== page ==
• “According to Bylaws the majority of Directors constitutes a quorum for a Board of Directors meeting, and the act of a majority of Directors present constitutes a Board act.  Both Veteran and non-Veteran must be present for Board meetings, and you both must agree to make a Board act.  Thus non-Veteran can exert negative control by preventing a quorum or blocking Board action, as prohibited by 38 CFR § 74.4(g) (1).  Therefore, it is unreasonable to conclude that you control the business as required by the regulations.”

Negative control by lack of Veteran in a quorum

  • “According to Bylaws, the Board of Directors manages the corporation.  A quorum for Board meetings consists of the majority of Directors, and the act of a majority of Directors present at a meeting constitutes Board action.  According to corporate documentation, there are 3 Directors of the corporation: Veteran, non-Veteran, and non-Veteran.  Since only a majority is needed for a quorum, the Veteran can be excluded entirely from Board meetings and Board action.  Non-Veteran and non-Veteran have the ability to exert negative control, as defined in 38 CFR § 74.1. Therefore, it is unreasonable to conclude that you control the business as required by the regulations.”
  • “CVE is unable to conclude that you satisfy the control requirements set forth in 38 CFR § 74.4.  According to your Bylaws, the Board of Directors manages your corporation.  A quorum for Board meetings consists of the majority of Directors, and the act of a majority of Directors present at a meeting constitutes Board action.  According to your corporate documentation, there are 3 Directors of your corporation: you (Veteran), Jane Doe, and John Doe, both non-Veterans.  Since only a majority is needed for a quorum, you can be excluded entirely from Board meetings and Board action.  Ms. Doe and Mr. Doe have the ability to exert negative control, as defined in 38 CFR § 74.1.  As such, it is unreasonable for CVE to conclude that you satisfy the control requirements of the regulations.”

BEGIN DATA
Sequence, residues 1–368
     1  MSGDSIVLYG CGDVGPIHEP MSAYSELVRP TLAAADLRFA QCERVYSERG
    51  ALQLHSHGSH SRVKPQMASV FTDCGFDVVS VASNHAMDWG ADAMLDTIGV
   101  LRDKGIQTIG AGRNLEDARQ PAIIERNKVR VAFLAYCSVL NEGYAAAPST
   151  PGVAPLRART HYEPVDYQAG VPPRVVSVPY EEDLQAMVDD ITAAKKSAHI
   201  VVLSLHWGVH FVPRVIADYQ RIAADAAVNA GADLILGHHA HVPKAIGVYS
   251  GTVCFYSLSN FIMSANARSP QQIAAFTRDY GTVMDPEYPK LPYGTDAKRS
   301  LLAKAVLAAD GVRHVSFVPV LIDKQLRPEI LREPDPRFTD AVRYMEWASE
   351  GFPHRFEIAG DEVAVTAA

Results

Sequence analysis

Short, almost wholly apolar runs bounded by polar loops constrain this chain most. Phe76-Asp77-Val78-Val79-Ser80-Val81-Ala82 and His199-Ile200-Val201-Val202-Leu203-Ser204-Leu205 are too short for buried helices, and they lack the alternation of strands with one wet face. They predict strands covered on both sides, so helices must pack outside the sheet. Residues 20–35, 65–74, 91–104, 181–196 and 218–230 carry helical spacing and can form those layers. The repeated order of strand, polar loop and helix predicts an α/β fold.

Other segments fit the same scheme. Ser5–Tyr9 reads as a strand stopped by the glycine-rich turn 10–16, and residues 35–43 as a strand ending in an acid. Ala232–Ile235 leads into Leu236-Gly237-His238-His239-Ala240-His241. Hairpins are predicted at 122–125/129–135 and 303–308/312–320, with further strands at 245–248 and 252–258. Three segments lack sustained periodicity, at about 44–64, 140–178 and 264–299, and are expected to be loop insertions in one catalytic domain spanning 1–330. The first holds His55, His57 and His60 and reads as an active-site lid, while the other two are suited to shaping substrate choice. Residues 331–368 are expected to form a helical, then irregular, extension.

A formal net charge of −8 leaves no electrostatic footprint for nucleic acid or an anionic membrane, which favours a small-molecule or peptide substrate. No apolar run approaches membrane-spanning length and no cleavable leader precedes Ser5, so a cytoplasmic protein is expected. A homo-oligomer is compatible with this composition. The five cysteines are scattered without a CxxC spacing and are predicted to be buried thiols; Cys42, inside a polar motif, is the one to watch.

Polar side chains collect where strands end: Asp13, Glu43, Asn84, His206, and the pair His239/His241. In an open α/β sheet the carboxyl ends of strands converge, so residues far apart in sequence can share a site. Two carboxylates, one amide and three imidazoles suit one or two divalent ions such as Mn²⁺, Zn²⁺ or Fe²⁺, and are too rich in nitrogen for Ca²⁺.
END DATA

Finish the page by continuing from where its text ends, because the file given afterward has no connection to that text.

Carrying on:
Lack of Weighted Voting

  • Corporate Bylaws states that, business of a corporation shall be managed by its Board of Directors.  In the case where there are only two directors of the company: Veteran and non-Veteran, and there is no provision for weighted voting, or other provision that in the event of a deadlock that the Veteran’s decision prevails, the firm fails to meet the requirements of 38 CFR § 74.4(i)(1) as the non-Veteran director can exercise negative control as defined by 38 CFR § 74.1 by blocking corporate action.  Therefore, it is unreasonable to conclude that the Veteran controls the business as required by the regulations.
  • “You supplied Corporate Bylaws for your company.  Article II Section 1 states that, “…all corporate powers shall be exercised by or under the direction of, and the business and affairs of the corporation shall be managed under the direction of, the Board of Directors.”  Article II, Sections 6 and 7, state that a quorum will be a majority of the directors and that the vote of a majority of the directors present when a quorum is established will be the act of the Board of Directors.  The supplied Articles of Incorporation dated 08/27/2010 list you and Mr. John Doe, a non-Veteran, as directors of the company.  There is no provision for weighted voting.  Therefore, you fail to meet the requirements of 38 CFR § 74.4(f) as the non-Veteran director can exercise negative control as defined by 38 CFR § 74.1 by blocking corporate action.  Therefore, it is unreasonable to conclude that you control the business as required by the regulations.”

Limitation on transfer of control